Some things you just don’t do by yourself. You need someone else to invite you to it, and then you think “Hmm… that may actually be interesting”.
Even if I’m Dutch, I’m not a football (soccer, for you Americans 😉 ) fan. I don’t care about the leagues. I may watch the match when the Dutch national team is playing but that’s about it. I’ve never been to a football stadium in my life other than for a concert or a festival. And it would never have crossed my mind to do a “tour” in the Amsterdam Arena (I actually never had been there before even for a concert), so when some friends told us they were going to do the tour and asked if we’d like to come along we did think “Hmm… that may actually be interesting”. So we went. The day before the Campions League match between Ajax and Manchester (which Ajax miserably lost, by the way). Preps were in full swing and well, you gotta give it to them (even if the guy was so happily (and funnily) full of how Ajax was the best, and how the Arena was the best, and how the Grass there was the best, and how they have 1400 seats more than their direct competitor in Holland – Feyenoord Rotterdam): everything did look perfect. And we did get to see some parts of the stadium that you usually don’t get to see.

The Ajax Arena - football stadium in Amsterdam

D700, ISO400, 1/125 sec @ f/1.4, Nikkor 50mm

Ajax and Manchester United flags in the Ajax Amsterdam Arena football stadium

D700, ISO400, 1/250 sec @ f/1.7, Nikkor 50mm

A classic picture of birds sitting on a fence. And more classic images of swans. But well, you gotta have them in your portfolio, right?
And try to give a bit of a different swing to it than everyone else.

Seagulls

D700, ISO200, 1/1000 sec @ f/2.8, Nikkor 70x200mm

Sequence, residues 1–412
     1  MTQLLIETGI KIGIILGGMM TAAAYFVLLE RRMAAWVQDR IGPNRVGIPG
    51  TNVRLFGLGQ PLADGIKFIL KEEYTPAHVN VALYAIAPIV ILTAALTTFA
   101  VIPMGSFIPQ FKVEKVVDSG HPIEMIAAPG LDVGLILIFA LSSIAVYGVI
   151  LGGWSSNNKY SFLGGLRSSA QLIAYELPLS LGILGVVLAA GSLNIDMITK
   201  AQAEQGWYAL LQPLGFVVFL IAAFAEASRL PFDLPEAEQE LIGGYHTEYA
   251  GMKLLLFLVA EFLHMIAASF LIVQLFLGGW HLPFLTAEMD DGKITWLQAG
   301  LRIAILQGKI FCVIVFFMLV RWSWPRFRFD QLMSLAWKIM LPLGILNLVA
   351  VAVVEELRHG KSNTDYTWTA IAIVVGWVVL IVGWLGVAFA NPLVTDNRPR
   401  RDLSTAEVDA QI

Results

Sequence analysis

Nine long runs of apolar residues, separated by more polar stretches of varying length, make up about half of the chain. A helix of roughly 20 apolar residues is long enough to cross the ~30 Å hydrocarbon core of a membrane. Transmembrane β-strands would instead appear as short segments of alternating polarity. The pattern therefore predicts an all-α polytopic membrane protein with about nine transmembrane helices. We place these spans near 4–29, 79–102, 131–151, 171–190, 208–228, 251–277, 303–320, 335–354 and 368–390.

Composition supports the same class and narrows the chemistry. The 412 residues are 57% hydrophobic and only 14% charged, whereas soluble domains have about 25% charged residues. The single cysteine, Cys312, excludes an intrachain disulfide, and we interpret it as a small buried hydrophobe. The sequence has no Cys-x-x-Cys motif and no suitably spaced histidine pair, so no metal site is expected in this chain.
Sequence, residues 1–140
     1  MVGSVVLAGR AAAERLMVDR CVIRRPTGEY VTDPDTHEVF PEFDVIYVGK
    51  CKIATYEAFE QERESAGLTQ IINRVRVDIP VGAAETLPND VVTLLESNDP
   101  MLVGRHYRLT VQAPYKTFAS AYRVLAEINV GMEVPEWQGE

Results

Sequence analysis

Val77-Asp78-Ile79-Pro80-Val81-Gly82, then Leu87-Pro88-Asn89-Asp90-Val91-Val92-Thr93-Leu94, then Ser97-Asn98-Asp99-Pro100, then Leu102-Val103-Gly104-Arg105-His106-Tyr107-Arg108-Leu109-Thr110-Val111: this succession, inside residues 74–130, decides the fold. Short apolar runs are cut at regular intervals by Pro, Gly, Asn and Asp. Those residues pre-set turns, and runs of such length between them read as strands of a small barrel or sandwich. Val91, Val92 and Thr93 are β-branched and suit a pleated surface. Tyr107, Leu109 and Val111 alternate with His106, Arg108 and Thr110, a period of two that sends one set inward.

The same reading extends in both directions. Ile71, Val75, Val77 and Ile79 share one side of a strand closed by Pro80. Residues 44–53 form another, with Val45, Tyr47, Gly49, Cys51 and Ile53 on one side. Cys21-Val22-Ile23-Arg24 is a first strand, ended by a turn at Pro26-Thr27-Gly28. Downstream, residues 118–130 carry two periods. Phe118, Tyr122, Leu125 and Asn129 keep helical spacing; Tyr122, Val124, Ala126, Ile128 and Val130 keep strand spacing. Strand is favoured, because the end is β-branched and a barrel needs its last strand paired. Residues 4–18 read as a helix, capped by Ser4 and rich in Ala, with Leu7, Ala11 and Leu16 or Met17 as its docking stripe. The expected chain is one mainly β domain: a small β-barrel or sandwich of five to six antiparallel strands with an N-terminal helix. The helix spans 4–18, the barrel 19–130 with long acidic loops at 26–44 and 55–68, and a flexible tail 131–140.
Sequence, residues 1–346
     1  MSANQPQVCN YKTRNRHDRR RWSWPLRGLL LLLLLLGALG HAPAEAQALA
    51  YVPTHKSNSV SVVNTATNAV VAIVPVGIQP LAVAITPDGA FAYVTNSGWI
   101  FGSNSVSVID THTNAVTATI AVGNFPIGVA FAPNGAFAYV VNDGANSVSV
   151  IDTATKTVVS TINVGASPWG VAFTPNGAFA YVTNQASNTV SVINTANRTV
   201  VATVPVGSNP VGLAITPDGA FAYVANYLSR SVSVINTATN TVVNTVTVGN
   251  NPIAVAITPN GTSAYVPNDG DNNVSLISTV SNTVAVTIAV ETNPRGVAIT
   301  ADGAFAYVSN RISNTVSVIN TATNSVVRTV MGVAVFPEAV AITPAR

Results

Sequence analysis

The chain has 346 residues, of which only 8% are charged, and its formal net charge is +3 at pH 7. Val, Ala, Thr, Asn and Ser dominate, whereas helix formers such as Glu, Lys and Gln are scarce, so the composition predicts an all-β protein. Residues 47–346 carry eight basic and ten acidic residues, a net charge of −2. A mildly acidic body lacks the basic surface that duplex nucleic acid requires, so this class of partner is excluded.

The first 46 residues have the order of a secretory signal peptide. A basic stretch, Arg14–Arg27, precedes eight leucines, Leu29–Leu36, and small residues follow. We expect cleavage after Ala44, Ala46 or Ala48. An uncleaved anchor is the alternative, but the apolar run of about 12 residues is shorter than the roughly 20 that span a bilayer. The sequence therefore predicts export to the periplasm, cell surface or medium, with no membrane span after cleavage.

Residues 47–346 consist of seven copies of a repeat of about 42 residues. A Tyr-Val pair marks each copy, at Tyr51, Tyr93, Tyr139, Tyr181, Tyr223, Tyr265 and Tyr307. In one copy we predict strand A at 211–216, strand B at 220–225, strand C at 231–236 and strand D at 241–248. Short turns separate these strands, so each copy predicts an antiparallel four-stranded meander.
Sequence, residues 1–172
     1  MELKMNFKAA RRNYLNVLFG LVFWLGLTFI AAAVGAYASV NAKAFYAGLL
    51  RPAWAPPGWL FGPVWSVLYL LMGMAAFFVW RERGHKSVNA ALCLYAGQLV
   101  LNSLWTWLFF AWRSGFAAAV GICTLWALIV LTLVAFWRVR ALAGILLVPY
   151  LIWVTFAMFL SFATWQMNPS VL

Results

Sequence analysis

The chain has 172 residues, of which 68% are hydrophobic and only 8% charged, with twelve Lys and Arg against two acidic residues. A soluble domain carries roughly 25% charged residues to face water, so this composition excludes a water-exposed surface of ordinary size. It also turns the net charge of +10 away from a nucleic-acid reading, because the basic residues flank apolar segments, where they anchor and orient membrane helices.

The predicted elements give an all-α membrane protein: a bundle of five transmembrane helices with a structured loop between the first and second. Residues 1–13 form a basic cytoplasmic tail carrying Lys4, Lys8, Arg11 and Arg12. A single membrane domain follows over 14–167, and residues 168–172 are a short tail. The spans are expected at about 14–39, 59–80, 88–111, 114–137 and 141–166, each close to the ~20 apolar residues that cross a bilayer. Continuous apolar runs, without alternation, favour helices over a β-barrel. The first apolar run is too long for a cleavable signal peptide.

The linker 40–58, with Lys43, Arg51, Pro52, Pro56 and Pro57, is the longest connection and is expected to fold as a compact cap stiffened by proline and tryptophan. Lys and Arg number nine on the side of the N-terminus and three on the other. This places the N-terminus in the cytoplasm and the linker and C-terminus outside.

Swan

D700, ISO200, 1/500 sec @ f/6,7, Nikkor 70-200mm

Swan

D700, ISO200, 1/500 sec @ f/6,7, Nikkor 70-200mm

The last time we were in Holland we spent a few nights at friends with cats. It’s funny how cats always seem to notice that you know how to handle them, or that you have (had) cats (before) yourself. These two are also a couple of funky little creatures, with their own little attitudes 😀

Swiffer

D700, ISO800, 1/250 sec @ f/1.4, Nikkor 50mm

Dani

D700, ISO200, 1/1000 sec @ f/1.4, Nikkor 50mm

Did I ever mention I luuuuuuuuuuv my 50mm f/1.4? Love the depth of field, love the bokeh, love its sharpness… If you don’t have a 50mm prime like that, go get one. Now!!

I need not repeat anymore that anything is a potential subject, especially in macro photography. You can turn pretty much everything into some sort of abstract, you just need to be able to visualize it for yourself.

Iron wire

D700, ISO400, 1/125 sec @ f/4.5, Tamron 90mm macro

Cleaning rags

D700, ISO800, 1/125 sec @ f/4.5, Tamrin 90mm macro

I mentioned before… I think I also mentioned in one of them that I was waiting for some blue lights from ambulances or fire trucks. Well, I got my wish. At least partly. Usually they always speed by, which would give a nice blue stripe in the picture, but now they were all gathering across the street here.
An extra bonus was that there was a tram coming out of this street, which it usually never does.

And again it’s a whole different world…

Traffic

D700, ISO200, 20 sec @ f/11, Nikkor 50mm. Bits and pieces put together from six different images in Photoshop.

(In the mean time this is growing into a nice little collection. Exhibition material maybe?).

Facebook has been flooded with them. Up to the point of nuisance some times.